Many times, a condition that leads to an ABG diagnosis is battled by the body’s effort to help correct, or compensate. It is the body’s way to assist, to try to return the pH toward normal. Compensation rarely returns the pH to exactly normal, but it does sometimes get it closer. Compensation is either Respiratory or Metabolic, or not present (Uncompensated).
Look back to the Tic Tac Toe grid. If a value is off by itself in another column, it is the compensation! You document compensation by putting the first name of the system represented. If pCO2 is in the column by itself, then it is Respiratory Compensation. If the HCO3 is in a column off by itself, then it is Metabolic Compensation. Remember, compensation takes time. Metabolic compensation is not usually seen for 6-12 hours, with maximum effect in 2-4 days. Respiratory compensation can start increased ventilation within minutes to reduce a bodily (metabolic) acidotic problem, and maximum effect can take 12-24 hours. If compensation is present but the pH is abnormal, it is considered partially compensated. If the compensation has driven the ph back to almost normal, it is considered compensated. But it is not necessary to label which type compensation when you interpret the ABG. So, for a respiratory acidosis that has evidence of compensation, your interpretation would be documented as Compensated Respiratory Acidosis. If both respiratory and metabolic systems are contributing to the same acidosis or alkalosis, it is referred to as Combined .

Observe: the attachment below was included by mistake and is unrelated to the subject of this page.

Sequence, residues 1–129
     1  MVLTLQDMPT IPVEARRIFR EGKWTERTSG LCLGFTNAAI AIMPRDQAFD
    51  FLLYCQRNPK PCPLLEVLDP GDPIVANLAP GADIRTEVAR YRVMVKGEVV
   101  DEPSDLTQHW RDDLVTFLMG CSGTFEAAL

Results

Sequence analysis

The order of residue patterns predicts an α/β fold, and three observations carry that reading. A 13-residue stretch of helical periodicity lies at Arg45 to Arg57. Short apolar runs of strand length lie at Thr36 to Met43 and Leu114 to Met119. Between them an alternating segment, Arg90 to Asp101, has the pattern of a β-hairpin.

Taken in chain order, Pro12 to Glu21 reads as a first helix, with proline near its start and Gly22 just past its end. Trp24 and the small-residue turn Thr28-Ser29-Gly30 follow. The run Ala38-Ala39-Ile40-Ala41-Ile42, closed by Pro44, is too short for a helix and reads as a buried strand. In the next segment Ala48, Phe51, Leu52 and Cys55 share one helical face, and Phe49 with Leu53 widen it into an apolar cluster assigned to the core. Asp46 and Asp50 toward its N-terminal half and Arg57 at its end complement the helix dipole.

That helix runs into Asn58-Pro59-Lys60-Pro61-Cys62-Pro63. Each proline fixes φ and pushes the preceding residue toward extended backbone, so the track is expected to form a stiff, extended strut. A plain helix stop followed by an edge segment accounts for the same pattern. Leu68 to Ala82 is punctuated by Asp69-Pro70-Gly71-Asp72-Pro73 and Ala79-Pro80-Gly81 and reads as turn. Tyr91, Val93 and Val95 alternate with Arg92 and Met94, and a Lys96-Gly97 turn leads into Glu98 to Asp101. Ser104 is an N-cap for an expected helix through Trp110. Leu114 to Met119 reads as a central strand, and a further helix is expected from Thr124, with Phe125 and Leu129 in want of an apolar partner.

Variables Affecting Results
Variables that may affect readings include: fever or hypothermia, anemia or polycythemia, smoking prior to the test, secondhand smoke inhalation, carbon monoxide, or certain paint or varnish removers in closed or poorly ventilated areas.
So now you can identify the source of the problem, the presence of compensation, and the type. Bravo!
Attached below are 1)instructions to set up Tic Tac Toe grid; 2)evaluation components; 3)references.
Included here is link to Tic Tac Toe ABG video (video site included due to written permission by originators). Please copy and paste the following address in your browser to view.
Lung Disease & Respiratory Health Center. (ND) (2016) ABG. Retrieved from: http://www.webmd.com/lung/arterial-blood-gases?page=5
Ischbach F, Dunning MB III (2015). A Manual of Laboratory and Diagnostic Tests, 9th ed. Philadelphia: Wolters Kluwer Health.
Davis MD, et al. (2013). AARC clinical practice guideline: Blood gas analysis and hemoximetry: 2013. Respiratory Care, 58(10): 1694-1703. DOI: 10.4187/respcare.02786. Accessed March 12, 2014.
Video.You Tube Video (2016). Tick Toe ABG Retrieved from:
Acid Base Case Study. (2016). Retrieved from: ww.fammed.usouthal.edu/Pulmonology/Self-StudyAids/ABGs/ABGCaseQuestions&Answers.pdf
Video.You Tube Video (2016). Tick Toe ABG Retrieved with permission from:
Wayne, G. (2015). 8 step guide to ABG analysis: Tick Tack Toe Method. Retrieved from: http://nurseslabs.com/8-step-guide-abg-analysis-tic-tac-toe-method/
1)ABG Pre test
2)ABG Post Test
4)Demonstration on clinical area